• 10.12.16

Harry Belafonte’s Social Justice PSA Uses Star Power To Evoke Empathy

Sankofa’s film enlists celebrities like Michael B. Jordan, Michael K. Williams, and Danny Glover to transcend race and open minds.

Harry Belafonte’s Social Justice PSA Uses Star Power To Evoke Empathy

As the most divisive Presidential race in history (we’ve stopped saying ‘arguably’ here) careers to its bitter end, here is a stark reminder of where bigotry and prejudice leads the human race. Harry Belafonte’s social justice organization, Sankofa, has released a powerful PSA, which leaves the viewer unable to avoid understanding more about the experience of people of color in the U.S.


The three-minute film “Against the Wall,” shows actors Michael B. Jordan (Creed, Fruitvale Station), Michael K. Williams (The Wire, 12 Years A Slave), Danny Glover (The Color Purple) in precisely that position, with arms raised. Several activists, including Van Jones and Marc Lemont Hill also appear. Meanwhile, the soundtrack plays excerpts from the depressingly familiar police radio accounts of incidences in which unarmed black men and boys have been shot and killed by law enforcement officers.

The whole idea behind the film, created by Miami-based agency, BushRenz, and executive produced by Gina Belafonte, Raul Roach and Marvin Bing, is empathy. The concept of using admired and recognizable actors to play the roles of victims of police brutality is intended to increase the film’s potential to open viewers’ minds.

Christopher Renz, who co-directed the film with Gerard Bush, says the objective is to inspire people to act through empathy. ”People empathize with people they know, and even more so with people that they admire,” he says. “Celebrity is interwoven within our society and people feel a personal connection to the actors, musicians, athletes, etc. who operate on a global stage. Placing these faces so familiar to American audiences with the police radio accounts of victims being gunned down by police, immediately causes pause and captures the attention of the viewer.”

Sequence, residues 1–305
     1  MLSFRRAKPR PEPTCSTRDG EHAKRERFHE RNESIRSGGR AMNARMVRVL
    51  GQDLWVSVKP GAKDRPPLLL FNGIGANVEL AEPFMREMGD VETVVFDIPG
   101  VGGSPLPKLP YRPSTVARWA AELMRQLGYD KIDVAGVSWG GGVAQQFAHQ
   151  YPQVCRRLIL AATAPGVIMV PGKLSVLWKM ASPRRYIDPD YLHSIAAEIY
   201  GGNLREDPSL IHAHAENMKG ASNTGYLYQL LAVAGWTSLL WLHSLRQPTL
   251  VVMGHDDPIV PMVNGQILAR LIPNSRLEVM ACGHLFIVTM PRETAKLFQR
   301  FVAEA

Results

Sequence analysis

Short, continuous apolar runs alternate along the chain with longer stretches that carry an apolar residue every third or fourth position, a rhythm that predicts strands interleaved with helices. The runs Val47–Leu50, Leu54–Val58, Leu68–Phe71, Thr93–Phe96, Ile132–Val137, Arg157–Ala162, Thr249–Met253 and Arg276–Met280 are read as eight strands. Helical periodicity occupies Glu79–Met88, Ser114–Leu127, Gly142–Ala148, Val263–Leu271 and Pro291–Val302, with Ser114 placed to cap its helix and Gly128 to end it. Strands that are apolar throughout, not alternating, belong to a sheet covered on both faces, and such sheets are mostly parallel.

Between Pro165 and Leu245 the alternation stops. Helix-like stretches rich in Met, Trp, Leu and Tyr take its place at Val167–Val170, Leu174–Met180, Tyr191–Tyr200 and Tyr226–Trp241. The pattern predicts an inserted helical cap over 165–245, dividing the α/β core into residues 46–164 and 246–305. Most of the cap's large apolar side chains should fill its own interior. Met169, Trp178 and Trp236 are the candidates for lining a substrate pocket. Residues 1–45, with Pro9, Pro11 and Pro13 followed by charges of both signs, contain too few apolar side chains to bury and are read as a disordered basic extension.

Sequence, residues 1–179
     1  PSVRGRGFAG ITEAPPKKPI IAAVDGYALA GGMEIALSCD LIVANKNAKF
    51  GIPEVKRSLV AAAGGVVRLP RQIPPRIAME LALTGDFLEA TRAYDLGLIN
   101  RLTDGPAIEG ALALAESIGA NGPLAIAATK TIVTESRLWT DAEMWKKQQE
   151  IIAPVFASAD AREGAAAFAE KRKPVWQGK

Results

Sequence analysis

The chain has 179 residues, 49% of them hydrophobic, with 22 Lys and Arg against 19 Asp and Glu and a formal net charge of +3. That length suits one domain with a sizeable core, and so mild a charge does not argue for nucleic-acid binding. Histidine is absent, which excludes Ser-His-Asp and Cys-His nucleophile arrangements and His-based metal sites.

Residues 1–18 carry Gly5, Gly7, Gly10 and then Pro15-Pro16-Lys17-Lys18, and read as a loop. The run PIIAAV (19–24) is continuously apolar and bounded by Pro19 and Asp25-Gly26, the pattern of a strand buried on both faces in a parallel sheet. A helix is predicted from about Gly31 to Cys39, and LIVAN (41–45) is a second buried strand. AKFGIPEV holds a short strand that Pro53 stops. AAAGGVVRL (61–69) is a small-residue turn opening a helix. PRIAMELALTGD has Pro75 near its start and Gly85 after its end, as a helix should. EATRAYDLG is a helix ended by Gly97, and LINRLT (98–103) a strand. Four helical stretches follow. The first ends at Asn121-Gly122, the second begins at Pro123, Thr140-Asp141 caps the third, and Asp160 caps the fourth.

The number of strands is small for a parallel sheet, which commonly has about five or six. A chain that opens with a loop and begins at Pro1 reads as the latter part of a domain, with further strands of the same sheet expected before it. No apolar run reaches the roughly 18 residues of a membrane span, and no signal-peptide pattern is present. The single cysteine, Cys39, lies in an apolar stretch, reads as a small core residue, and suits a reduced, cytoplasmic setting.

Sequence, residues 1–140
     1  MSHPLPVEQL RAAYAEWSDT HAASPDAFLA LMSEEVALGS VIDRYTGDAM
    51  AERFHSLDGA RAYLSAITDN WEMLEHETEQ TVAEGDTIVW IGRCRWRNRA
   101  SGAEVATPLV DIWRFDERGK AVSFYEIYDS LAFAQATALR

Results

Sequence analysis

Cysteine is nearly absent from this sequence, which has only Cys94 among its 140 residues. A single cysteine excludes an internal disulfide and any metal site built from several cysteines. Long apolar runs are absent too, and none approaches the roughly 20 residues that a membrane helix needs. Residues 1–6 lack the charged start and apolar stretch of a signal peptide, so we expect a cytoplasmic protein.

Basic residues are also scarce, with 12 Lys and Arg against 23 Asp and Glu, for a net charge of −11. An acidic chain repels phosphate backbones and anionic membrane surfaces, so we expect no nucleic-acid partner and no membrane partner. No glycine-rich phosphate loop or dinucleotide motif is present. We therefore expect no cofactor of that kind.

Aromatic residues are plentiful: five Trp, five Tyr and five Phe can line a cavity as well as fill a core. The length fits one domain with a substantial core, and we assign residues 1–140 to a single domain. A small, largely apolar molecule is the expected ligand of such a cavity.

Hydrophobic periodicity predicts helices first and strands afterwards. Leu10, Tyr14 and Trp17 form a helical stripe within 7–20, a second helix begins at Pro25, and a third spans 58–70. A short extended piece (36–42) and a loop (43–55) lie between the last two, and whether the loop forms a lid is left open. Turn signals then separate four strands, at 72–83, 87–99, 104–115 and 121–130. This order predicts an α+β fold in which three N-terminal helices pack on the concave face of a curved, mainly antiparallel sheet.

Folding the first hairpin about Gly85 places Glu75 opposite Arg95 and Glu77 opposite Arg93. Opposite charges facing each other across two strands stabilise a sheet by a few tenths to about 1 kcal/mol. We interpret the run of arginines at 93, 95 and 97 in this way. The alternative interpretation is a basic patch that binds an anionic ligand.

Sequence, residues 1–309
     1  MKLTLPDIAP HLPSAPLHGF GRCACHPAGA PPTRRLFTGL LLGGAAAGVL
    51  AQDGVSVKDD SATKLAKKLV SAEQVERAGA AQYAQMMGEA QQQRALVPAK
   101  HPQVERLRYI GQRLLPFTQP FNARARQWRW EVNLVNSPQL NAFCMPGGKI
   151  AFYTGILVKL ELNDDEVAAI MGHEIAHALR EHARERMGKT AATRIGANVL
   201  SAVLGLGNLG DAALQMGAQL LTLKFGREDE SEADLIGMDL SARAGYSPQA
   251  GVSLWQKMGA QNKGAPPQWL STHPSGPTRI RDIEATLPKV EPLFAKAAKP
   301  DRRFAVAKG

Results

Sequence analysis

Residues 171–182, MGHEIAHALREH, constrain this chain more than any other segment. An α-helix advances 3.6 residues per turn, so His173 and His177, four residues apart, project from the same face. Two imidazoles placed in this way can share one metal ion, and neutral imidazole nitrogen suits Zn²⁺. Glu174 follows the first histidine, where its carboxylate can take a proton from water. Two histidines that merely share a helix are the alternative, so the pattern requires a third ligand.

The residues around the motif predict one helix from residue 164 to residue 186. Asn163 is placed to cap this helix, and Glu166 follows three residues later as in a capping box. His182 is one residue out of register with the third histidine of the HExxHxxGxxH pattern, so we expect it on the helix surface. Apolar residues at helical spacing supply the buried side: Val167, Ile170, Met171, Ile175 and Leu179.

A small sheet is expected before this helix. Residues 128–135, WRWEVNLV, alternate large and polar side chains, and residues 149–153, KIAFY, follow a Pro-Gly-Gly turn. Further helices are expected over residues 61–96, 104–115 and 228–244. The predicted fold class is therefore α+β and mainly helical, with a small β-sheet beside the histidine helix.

It sure does, and the acting skills of the cast play a major part in the power of the film. Michael K. Williams’s gaze into the lens towards the end of the film conveys a palpable sense of sorrow and loss. Renz says, “It was good for us to be able to direct the actors and obviously, as this is their craft, they can tap into a range of emotions to communicate the fear, anxiety, and humiliation of the moment.”

Harry Belafonte says in a statement, “Somehow cell-phone video, dash-cam video, and news media flashing before our very eyes, hour after hour, the murder and victimization of black and brown bodies has desensitized us. By using the faces of those we recognize, familiar faces, we look to re-sensitize the community to really see the problem. We are shining a light and calling out to all to take a look, listen, and feel within your heart to take action.”

About the author

Louise Jack is a London-based journalist, writer and editor with a background in advertising and marketing. She has written for several titles including Marketing Week, Campaign and The Independent.